Noachian

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Related to Noachic: Alonzo the Brave

No·a·chi·an

 (nō-ā′kē-ən) also No·ach·ic (-ăk′ĭk) or No·ach·i·cal (-ĭ-kəl)
adj.
1. Bible Of or relating to Noah or his time.
2. Antiquated; ancient; long obsolete.
American Heritage® Dictionary of the English Language, Fifth Edition. Copyright © 2016 by Houghton Mifflin Harcourt Publishing Company. Published by Houghton Mifflin Harcourt Publishing Company. All rights reserved.

Noachian

(nəʊˈeɪkɪən) or

Noachic

adj
(Bible) Old Testament of or relating to the patriarch Noah
Collins English Dictionary – Complete and Unabridged, 12th Edition 2014 © HarperCollins Publishers 1991, 1994, 1998, 2000, 2003, 2006, 2007, 2009, 2011, 2014

No•a•chi•an

(noʊˈeɪ ki ən) ,

adj.
of or pertaining to the patriarch Noah or his time.
[1670–80; Noach (variant of Noah) + -ian]
Random House Kernerman Webster's College Dictionary, © 2010 K Dictionaries Ltd. Copyright 2005, 1997, 1991 by Random House, Inc. All rights reserved.
ThesaurusAntonymsRelated WordsSynonymsLegend:
Adj.1.Noachian - of or relating to Noah or his time; "Noachian deluge"
Based on WordNet 3.0, Farlex clipart collection. © 2003-2012 Princeton University, Farlex Inc.
References in periodicals archive ?
Whether the notion of valid covenant refers to each and every covenant or only to select ones (the Adamic, Noachic, Abrahamic, and Mosaic) has been a matter of debate, which for my purpose here does not require immediate resolution.
It is my contention that the Noachic covenant not only precedes the later covenants but also undergirds them and renders conditions within which they are maintained:
We may also compare Emily Dickinson's Noachic situation, where she puns on ark and Patriarch, and bilingually on Colon's adopted name:
Much excitement was generated by the epic's incorporation of a story about a great deluge that seemed to foreshadow, parallel, and thus, for some, "support" the Noachic flood tale in Genesis.
The subsequent winter storms blowing in off the Pacific Ocean were Noachic in scale.
In 1996, John Woodmorappe published Noah's Ark: A Feasibility Study, which explained the technical feats achieved during the forty days and nights of Noah's Flood, or, to put it in creationist jargon, the "960 continuous hours" of the "Noachic Deluge."
A more substantial literary borrowing (involving the characteristics of Grendel and his mother) of the sort which may originate from the Visio Pauli appears to be, as Ruth Mellinkof has shown, from "an ancient Jewish pseudepigraphical Noah book or (if, as some think, there was no Noah book) pseudepigraphical traditions designated as Noachic" (183).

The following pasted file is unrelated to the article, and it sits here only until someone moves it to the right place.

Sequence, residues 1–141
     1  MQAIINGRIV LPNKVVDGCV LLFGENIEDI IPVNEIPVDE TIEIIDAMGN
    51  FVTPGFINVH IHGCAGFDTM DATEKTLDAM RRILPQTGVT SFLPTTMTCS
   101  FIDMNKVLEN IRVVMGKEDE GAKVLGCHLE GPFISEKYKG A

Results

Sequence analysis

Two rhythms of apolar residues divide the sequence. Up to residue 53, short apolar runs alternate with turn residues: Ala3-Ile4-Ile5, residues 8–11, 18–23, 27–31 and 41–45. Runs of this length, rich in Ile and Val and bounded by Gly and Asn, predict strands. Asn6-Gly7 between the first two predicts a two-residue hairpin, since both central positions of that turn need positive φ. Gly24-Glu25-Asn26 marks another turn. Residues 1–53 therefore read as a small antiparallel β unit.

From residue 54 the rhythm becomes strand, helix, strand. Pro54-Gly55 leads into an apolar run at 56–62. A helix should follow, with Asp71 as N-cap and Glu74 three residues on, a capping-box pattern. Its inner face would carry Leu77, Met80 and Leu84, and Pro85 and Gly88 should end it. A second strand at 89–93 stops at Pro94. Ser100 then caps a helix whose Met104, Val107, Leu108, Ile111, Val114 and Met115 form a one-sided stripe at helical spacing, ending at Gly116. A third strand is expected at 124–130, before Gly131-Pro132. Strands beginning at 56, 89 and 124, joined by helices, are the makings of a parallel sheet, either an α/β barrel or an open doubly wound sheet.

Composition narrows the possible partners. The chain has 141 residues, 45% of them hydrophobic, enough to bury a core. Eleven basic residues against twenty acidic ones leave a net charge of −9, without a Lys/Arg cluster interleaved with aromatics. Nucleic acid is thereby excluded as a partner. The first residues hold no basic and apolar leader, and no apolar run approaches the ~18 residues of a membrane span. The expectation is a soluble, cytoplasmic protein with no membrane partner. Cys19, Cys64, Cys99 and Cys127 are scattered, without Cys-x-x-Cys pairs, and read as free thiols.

He wondered if the Noachic flood could have been caused by tidal effects from a grazing collision (or an actual impact) of a comet with the Earth and proposed in effect a comet-induced tsunami.
Blumenbach strongly resisted the claims of "caprice mongers" who, faced with the demise of the convenient Noachic account of division, now sought to establish out of "skin-and-bones" anthropology a physiological relationship between the orangutan and the Negro.
Lambert, in his June 1983 article,"Was the Pre-Flood Animal Kingdom Vegetarian?' solves the Noachic food problem by proposing that all animals including man were vegetarians before the Flood.
This relationship can be rightly seen as covenantal, and Hollander focuses his attention on the Noachic covenant in Genesis, which bound all animals together with us under God's protection.
In fact, however, the representation of certain biblical traditions (e.g., the giving of the Law, the Exodus) in the "Rewritten Bible" was intended to ensure the faithful interpretation and transmission of the respective traditions, so that the resulting texts should be seen as "discourses tied to a founder" (e.g., Mosaic, Adamic, Enochic, Noachic Discourse).73 As far as the Byzantine hymns are concerned, the intention is, of course, the same one professed by Christianity in general: not to abolish the Law or the prophets (Matt 5:17), but to reinterpret them in light of the fundamental assumption that Christ is the telos of the Law (Rom 10:4).